Australian dollar about to plunge into 0.60s?

See the latest Australian dollar analysis here:

Macro Morning

It was on like Donkey Kong Friday night as DXY jumped, EUR and CNY fell:

The Australian dollar closed at new lows for the 2018 move and fell against all majors:

Versus EMs it was not much better:

Last week saw Aussie shorts get cleared out to -35k contracts which, although still moderately short, appears to have opened the way for us to go lower:

Gold fell:

Oil fell:

Its problem is the forward curve is still above $50 allowing new wells to hedge profitably. Oil is going to $40 to stop this:

Base metals fell:

Big miners did better:

EM stocks did not:

US and EM junk got slaughtered, a bad sign all round:

Treasuries were bid:

Bunds sold:

Stocks were bashed again:

Policymakers everywhere tried and failed to put a dent in the correction. The Fed’s Mester did her best, via MarketWatch:

The Federal Reserve doesn’t have a level of interest rates in mind and will raise or lower interest rates based on what the economy is “telling” policymakers, Cleveland Fed President Loretta Mester said Friday. “There is no destination we’re aiming for,” Mester said in an interview on Wharton Business Radio. Mester declined to discuss the steep drop in stocks in the wake of the Fed decision on Wednesday, saying that markets have been volatile for months. Part of the Fed’s job is to understand the recent market selloff, she said. “Sentiment has changed…perhaps they are inferring something about the economy, we are not seeing in the data,” she said. At the moment, the economy is doing well, but there are risks, Mester added. Mester voted in favor of the interest-rate hike this week.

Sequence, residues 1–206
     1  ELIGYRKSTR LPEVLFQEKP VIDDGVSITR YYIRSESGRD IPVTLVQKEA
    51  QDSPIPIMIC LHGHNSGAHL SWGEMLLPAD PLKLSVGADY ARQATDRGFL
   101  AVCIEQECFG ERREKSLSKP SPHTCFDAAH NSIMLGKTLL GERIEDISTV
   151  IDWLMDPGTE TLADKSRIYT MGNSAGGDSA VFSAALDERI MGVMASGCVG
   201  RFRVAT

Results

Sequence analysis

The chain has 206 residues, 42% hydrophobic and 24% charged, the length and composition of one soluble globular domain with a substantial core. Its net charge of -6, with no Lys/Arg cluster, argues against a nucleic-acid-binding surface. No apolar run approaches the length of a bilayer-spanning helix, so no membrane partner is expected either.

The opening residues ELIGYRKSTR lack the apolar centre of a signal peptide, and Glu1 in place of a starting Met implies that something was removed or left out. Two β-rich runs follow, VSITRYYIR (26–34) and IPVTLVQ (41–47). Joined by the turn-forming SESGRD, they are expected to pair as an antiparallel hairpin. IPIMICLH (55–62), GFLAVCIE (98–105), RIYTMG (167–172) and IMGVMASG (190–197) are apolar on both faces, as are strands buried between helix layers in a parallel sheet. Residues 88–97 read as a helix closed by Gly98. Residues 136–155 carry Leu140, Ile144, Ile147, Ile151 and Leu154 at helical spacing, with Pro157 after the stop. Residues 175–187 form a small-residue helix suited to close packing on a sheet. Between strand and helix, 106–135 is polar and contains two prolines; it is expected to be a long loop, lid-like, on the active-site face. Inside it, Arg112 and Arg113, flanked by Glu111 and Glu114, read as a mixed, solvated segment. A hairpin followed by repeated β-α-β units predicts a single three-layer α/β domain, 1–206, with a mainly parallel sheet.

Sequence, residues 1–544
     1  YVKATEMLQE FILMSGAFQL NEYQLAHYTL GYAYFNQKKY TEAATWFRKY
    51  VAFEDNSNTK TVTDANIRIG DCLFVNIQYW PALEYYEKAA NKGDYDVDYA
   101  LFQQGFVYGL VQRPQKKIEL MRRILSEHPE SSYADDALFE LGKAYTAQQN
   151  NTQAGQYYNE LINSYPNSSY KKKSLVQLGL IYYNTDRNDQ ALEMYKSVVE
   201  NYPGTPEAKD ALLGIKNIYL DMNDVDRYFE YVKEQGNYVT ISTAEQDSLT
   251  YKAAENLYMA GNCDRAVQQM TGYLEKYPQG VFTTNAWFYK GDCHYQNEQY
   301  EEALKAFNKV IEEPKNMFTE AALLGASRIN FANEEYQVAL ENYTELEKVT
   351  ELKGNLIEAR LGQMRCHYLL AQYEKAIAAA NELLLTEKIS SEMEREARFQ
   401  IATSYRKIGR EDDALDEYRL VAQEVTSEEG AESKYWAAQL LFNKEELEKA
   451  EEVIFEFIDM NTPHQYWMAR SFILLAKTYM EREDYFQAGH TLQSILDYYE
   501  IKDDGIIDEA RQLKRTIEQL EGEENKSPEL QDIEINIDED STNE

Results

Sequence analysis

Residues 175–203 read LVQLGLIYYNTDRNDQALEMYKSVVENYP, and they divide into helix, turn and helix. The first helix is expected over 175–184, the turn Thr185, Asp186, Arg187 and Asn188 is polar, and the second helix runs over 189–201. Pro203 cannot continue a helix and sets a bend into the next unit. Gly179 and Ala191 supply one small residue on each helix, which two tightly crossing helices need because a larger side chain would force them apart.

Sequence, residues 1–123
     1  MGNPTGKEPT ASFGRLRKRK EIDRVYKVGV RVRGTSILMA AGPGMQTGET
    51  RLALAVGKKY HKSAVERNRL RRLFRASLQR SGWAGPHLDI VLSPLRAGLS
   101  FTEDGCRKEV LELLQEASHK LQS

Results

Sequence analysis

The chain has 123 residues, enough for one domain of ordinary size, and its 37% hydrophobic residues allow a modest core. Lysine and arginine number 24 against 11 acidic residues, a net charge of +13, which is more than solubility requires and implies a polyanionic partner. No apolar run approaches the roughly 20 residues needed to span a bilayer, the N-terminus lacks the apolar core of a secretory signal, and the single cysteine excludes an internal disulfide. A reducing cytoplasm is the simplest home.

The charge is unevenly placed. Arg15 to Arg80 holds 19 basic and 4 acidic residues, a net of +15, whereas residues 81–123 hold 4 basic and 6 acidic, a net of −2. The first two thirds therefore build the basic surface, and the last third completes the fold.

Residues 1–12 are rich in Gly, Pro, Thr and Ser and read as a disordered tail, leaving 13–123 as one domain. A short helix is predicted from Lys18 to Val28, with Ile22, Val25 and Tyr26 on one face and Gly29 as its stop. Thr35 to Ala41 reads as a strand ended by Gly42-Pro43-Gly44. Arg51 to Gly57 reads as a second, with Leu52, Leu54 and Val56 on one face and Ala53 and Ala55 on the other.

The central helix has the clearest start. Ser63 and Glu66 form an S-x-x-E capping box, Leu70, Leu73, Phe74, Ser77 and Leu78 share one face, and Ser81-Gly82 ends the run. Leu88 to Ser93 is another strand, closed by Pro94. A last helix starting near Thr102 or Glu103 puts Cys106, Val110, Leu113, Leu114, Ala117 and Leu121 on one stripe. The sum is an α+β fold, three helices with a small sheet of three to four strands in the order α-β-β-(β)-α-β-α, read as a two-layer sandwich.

The ECB was rumoured to be worried about Chinese growth and mulling pushing back its timeline for a rates lift-off that is never coming. And new Chinese stimulus was iterative as expected and just not enough, via Bloomie:

“Significant” cuts to taxes and fees will be enacted in 2019 and while monetary policy will remain “prudent,” officials will strike an “appropriate” balance between tightening and loosening, according to a statement published after the annual Economic Work Conference that concluded in Beijing Friday.

The statement signals that China is ratcheting up the limited, targeted stimulus approach used during 2018, though still stopping short of the all-out support that would pressure the currency and hobble efforts to contain debt. Facing the most difficult economic environment in years amid the trade standoff with the U.S., the conference outcome suggests Beijing sees increasing urgency in tackling stalling growth.